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The Philadelphia Hip-Hop That You Need to Know: Part II

jazzy jeff fresh prince

By Teddy Pendergrass

In continuation of my thoughts that Philly indeed birthed some of the most talented emcees of this generation (read more here), I’d like to rant on the current state of hip-hop in the 215. In all honesty, I find myself critiquing every rap song I hear, and interestingly enough, I always seem to lose myself into dozens and dozens of track replays from unsigned Philly rappers. Why do I get so bored with most emcees world wide, but can’t get enough of people that you never heard of? I’d guess it has something to do with my theory on mainstream v. independent rap. That popping artists rarely have the passion to match lyricists who are still at the bottom.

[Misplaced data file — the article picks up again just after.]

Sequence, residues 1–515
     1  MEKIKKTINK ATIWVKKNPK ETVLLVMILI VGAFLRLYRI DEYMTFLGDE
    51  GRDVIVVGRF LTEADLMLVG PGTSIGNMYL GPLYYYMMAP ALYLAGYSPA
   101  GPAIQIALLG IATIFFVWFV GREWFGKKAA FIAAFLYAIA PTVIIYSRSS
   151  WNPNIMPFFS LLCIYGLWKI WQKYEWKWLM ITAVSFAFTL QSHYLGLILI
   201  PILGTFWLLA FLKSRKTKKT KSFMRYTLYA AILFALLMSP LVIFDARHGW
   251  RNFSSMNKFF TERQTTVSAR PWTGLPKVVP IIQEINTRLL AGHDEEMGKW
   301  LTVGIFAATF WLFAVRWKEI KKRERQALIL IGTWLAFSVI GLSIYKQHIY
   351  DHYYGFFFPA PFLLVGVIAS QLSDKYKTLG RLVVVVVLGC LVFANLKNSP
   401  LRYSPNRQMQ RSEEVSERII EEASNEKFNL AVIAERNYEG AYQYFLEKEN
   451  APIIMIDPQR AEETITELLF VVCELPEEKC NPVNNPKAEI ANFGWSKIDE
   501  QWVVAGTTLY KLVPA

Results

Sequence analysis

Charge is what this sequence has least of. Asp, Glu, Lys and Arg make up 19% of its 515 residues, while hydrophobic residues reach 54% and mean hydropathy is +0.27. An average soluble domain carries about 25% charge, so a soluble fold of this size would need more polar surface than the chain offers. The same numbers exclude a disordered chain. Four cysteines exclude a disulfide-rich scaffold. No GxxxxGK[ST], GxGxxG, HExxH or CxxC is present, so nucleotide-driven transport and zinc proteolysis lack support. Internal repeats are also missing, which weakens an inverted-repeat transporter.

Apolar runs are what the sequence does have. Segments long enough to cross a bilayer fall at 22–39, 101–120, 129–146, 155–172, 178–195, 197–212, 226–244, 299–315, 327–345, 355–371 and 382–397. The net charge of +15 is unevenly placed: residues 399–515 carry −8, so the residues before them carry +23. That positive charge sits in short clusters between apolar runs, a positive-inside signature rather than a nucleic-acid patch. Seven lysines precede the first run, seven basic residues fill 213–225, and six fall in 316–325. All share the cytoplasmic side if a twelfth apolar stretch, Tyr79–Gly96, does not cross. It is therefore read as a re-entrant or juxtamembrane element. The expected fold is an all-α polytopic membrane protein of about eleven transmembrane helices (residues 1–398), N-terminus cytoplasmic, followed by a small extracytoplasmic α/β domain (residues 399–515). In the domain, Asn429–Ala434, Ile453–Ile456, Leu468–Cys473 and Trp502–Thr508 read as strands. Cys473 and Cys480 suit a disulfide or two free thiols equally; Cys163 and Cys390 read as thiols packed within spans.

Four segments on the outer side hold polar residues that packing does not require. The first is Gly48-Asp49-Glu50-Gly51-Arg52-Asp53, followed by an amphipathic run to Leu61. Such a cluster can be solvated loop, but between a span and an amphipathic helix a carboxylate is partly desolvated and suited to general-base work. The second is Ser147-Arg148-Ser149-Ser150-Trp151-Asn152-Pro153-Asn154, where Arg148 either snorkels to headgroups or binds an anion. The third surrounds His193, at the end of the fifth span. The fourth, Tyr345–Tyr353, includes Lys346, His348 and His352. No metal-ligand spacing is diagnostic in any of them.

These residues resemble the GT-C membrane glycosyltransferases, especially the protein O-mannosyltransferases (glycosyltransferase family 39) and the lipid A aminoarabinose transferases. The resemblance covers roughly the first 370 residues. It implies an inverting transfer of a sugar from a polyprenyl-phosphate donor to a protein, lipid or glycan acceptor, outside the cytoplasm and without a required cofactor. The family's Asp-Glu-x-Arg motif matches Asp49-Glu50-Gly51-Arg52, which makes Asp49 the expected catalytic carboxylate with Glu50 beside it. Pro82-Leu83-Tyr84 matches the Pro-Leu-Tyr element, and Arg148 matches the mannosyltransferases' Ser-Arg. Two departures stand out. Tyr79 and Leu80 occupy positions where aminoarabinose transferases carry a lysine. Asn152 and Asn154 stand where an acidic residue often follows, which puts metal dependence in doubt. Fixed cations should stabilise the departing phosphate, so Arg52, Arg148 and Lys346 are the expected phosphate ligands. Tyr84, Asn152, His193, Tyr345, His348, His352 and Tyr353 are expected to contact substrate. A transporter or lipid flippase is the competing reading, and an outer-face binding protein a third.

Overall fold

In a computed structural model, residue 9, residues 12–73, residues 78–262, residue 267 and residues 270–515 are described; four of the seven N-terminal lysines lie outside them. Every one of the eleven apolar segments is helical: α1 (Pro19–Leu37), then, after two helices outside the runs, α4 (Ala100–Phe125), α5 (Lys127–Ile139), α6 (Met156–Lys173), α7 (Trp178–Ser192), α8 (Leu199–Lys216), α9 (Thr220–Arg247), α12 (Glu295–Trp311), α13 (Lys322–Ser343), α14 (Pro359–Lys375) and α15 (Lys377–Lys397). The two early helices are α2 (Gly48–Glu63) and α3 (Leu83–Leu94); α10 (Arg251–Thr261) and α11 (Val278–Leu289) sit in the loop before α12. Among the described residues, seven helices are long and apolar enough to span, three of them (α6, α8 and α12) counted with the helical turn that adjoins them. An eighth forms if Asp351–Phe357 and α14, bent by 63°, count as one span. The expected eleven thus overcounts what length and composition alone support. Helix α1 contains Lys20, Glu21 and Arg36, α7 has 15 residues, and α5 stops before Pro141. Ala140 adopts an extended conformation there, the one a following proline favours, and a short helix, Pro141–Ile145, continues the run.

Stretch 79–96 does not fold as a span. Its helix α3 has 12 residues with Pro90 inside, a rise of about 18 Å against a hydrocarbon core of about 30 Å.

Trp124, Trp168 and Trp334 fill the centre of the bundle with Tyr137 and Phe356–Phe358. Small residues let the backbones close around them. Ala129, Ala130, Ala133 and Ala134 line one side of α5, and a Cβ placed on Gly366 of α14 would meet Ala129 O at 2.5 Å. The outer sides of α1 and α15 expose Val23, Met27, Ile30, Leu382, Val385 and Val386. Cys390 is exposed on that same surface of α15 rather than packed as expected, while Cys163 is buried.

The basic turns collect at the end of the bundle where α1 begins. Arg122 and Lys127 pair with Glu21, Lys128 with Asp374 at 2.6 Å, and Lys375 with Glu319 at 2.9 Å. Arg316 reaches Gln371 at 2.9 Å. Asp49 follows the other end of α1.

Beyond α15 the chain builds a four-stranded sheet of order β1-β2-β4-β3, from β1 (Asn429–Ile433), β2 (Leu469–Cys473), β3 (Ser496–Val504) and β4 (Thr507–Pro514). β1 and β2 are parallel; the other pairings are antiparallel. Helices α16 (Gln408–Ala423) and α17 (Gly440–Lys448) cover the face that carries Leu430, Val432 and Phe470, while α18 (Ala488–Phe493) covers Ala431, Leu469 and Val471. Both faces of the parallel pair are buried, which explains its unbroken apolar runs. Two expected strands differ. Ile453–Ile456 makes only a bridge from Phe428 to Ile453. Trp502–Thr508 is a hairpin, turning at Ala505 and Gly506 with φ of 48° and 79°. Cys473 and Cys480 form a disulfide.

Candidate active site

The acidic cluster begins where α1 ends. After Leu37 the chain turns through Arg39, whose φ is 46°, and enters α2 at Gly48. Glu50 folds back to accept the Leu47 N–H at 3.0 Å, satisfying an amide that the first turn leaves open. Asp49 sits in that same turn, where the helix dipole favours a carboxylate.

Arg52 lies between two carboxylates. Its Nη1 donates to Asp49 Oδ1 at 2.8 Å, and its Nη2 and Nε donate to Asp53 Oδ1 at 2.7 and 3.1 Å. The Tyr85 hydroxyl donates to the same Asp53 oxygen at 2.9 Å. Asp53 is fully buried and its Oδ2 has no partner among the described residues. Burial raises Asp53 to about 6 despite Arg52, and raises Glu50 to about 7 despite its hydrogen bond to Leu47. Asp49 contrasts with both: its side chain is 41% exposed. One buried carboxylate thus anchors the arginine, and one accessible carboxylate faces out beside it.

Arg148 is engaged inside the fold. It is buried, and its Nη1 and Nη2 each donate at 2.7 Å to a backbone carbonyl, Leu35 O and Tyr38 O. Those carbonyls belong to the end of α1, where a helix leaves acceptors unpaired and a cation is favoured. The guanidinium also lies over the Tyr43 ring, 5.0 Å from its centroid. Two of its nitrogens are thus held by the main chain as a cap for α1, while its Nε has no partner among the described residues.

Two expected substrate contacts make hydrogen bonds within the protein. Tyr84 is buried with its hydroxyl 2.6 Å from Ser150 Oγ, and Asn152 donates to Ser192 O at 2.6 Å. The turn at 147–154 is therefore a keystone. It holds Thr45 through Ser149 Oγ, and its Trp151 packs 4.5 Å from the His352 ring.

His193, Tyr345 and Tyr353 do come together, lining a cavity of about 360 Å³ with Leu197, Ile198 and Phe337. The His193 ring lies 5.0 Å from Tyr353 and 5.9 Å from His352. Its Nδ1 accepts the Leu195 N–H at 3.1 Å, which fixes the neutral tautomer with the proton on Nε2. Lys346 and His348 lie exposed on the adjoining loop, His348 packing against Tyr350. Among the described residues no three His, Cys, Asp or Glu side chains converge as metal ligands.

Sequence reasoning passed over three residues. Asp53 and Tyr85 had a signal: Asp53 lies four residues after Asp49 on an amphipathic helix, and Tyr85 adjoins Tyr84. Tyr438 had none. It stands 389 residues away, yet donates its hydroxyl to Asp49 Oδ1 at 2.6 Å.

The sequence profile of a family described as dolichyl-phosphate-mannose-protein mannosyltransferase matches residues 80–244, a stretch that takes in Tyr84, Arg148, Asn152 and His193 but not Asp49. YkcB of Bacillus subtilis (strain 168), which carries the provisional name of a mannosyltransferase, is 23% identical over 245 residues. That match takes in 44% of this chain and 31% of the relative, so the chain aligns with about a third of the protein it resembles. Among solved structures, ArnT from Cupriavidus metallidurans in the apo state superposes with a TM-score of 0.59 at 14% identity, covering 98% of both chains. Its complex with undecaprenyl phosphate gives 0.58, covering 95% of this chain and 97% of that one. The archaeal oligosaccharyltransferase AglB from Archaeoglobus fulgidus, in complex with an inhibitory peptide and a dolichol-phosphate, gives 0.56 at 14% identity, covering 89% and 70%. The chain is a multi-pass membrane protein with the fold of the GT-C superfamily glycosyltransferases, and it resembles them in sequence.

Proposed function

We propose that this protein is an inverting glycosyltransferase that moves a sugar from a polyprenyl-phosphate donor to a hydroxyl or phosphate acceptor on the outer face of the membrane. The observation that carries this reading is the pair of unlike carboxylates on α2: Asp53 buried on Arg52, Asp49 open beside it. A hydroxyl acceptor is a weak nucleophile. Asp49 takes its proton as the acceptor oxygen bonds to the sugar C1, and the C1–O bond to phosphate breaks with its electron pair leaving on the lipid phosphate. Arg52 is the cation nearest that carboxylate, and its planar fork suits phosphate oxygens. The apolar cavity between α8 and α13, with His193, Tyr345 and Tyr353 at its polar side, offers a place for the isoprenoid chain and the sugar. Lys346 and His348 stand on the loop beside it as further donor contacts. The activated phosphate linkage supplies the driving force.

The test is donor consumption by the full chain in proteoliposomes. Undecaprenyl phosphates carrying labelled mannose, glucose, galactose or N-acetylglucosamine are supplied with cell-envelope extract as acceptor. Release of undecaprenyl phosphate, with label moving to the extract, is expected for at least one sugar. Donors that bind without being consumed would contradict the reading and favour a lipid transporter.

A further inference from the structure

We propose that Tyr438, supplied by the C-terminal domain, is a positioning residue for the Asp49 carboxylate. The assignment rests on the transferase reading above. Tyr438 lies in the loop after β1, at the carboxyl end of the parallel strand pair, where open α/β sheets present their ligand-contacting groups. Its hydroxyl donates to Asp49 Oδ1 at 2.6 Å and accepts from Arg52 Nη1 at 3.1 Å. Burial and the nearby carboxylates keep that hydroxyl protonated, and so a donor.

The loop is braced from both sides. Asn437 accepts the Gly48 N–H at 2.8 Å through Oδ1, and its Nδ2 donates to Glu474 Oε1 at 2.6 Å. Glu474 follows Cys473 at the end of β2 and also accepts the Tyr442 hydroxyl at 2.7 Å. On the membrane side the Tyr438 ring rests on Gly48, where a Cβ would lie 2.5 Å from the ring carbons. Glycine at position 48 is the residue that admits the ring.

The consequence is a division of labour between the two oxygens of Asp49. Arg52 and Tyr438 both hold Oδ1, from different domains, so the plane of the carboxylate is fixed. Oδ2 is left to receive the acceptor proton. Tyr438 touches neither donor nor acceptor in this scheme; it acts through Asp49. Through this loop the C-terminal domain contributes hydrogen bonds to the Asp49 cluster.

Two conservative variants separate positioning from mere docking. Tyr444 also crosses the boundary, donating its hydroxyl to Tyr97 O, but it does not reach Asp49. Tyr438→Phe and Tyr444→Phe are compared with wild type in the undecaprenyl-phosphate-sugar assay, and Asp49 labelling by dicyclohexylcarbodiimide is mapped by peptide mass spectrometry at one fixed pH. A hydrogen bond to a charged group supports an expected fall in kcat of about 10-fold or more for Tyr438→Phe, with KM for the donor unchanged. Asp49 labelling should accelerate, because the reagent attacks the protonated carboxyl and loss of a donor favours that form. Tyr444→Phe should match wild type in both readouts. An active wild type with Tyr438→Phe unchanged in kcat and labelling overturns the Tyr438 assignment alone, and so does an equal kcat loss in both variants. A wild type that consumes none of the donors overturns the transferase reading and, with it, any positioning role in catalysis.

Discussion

Mont Brown – ARF EP

Astronauts Really Fly (aka ARF) is Jay-Z’s undiscovered, competition. If you listen to all Mont Brown’s songs it has everything you could ask for from hip-hop and more. “Reachin” from the ARF EP is an extraordinary example. I can see the Philly ladies and gents alike playing this song loudly from their car stereos. Mont is definitely putting his heart into rap. I remember I saw a review for Danny Brown before he was this big. Anthony Fantano said Danny really figured it out with XXX, showcasing the importance of passionate and honest lyrics. Mont Brown is doing this but too many seem to be sleeping on it. Pace-O Beats’ small part in “Reachin,” is flawless. It’s pop music, man. What more do you want? Astronauts Really Fly could go on tour with Bruno Mars easy. Bruno Mars should sign Mont Brown for more “street” hits.

Philadelphia has a second force to be reckoned with as well. I’d like to introduce you to The Bakery Boys. This crew is for real, and some necessary competition for the dominant Odd Future. Bouts always make the game more interesting, right? Let’s review some Baked projects.

The Bakery Boys – FourEver EP